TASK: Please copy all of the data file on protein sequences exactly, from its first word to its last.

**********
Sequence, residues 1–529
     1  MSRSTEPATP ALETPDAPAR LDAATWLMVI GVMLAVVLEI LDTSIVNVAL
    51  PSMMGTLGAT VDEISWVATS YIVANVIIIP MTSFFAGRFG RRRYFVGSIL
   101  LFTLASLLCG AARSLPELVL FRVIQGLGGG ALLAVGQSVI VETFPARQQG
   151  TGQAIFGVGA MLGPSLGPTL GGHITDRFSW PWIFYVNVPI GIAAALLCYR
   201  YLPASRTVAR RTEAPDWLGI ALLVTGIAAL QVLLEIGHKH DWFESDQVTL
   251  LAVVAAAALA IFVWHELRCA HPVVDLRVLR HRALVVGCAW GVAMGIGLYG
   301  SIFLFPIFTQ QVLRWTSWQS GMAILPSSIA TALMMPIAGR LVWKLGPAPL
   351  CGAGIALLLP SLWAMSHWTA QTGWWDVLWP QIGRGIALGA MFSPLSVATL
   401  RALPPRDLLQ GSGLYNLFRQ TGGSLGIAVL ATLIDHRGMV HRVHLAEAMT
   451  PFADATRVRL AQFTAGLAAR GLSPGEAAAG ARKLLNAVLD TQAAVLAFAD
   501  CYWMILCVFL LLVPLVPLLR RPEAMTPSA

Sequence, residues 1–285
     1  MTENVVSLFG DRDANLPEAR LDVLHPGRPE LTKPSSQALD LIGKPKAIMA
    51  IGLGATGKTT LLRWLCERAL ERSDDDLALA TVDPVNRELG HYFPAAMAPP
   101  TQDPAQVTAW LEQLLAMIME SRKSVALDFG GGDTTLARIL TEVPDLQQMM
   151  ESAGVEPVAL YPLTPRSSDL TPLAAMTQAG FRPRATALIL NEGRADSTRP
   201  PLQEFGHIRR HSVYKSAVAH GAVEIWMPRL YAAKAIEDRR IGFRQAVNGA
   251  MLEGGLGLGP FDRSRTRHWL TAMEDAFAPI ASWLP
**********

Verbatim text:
Sequence, residues 1–529
     1  MSRSTEPATP ALETPDAPAR LDAATWLMVI GVMLAVVLEI LDTSIVNVAL
    51  PSMMGTLGAT VDEISWVATS YIVANVIIIP MTSFFAGRFG RRRYFVGSIL
   101  LFTLASLLCG AARSLPELVL FRVIQGLGGG ALLAVGQSVI VETFPARQQG
   151  TGQAIFGVGA MLGPSLGPTL GGHITDRFSW PWIFYVNVPI GIAAALLCYR
   201  YLPASRTVAR RTEAPDWLGI ALLVTGIAAL QVLLEIGHKH DWFESDQVTL
   251  LAVVAAAALA IFVWHELRCA HPVVDLRVLR HRALVVGCAW GVAMGIGLYG
   301  SIFLFPIFTQ QVLRWTSWQS GMAILPSSIA TALMMPIAGR LVWKLGPAPL
   351  CGAGIALLLP SLWAMSHWTA QTGWWDVLWP QIGRGIALGA MFSPLSVATL
   401  RALPPRDLLQ GSGLYNLFRQ TGGSLGIAVL ATLIDHRGMV HRVHLAEAMT
   451  PFADATRVRL AQFTAGLAAR GLSPGEAAAG ARKLLNAVLD TQAAVLAFAD
   501  CYWMILCVFL LLVPLVPLLR RPEAMTPSA

Sequence, residues 1–285
     1  MTENVVSLFG DRDANLPEAR LDVLHPGRPE LTKPSSQALD LIGKPKAIMA
    51  IGLGATGKTT LLRWLCERAL ERSDDDLALA TVDPVNRELG HYFPAAMAPP
   101  TQDPAQVTAW LEQLLAMIME SRKSVALDFG GGDTTLARIL TEVPDLQQMM
   151  ESAGVEPVAL YPLTPRSSDL TPLAAMTQAG FRPRATALIL NEGRADSTRP
   201  PLQEFGHIRR HSVYKSAVAH GAVEIWMPRL YAAKAIEDRR IGFRQAVNGA
   251  MLEGGLGLGP FDRSRTRHWL TAMEDAFAPI ASWLP